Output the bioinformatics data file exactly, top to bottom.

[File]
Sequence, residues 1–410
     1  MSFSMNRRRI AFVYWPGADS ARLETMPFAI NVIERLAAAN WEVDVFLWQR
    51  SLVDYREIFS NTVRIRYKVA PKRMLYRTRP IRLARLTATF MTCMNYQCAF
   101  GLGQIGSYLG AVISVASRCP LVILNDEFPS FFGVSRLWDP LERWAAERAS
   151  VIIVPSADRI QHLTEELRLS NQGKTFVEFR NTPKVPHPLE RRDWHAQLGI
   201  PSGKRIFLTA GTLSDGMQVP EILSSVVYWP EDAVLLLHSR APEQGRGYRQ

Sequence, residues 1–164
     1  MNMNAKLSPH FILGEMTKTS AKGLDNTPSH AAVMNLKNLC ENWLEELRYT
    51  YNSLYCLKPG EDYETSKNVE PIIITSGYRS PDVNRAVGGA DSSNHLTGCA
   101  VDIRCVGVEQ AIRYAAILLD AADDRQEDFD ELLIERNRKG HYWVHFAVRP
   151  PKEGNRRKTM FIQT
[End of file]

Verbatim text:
Sequence, residues 1–410
     1  MSFSMNRRRI AFVYWPGADS ARLETMPFAI NVIERLAAAN WEVDVFLWQR
    51  SLVDYREIFS NTVRIRYKVA PKRMLYRTRP IRLARLTATF MTCMNYQCAF
   101  GLGQIGSYLG AVISVASRCP LVILNDEFPS FFGVSRLWDP LERWAAERAS
   151  VIIVPSADRI QHLTEELRLS NQGKTFVEFR NTPKVPHPLE RRDWHAQLGI
   201  PSGKRIFLTA GTLSDGMQVP EILSSVVYWP EDAVLLLHSR APEQGRGYRQ

Sequence, residues 1–164
     1  MNMNAKLSPH FILGEMTKTS AKGLDNTPSH AAVMNLKNLC ENWLEELRYT
    51  YNSLYCLKPG EDYETSKNVE PIIITSGYRS PDVNRAVGGA DSSNHLTGCA
   101  VDIRCVGVEQ AIRYAAILLD AADDRQEDFD ELLIERNRKG HYWVHFAVRP
   151  PKEGNRRKTM FIQT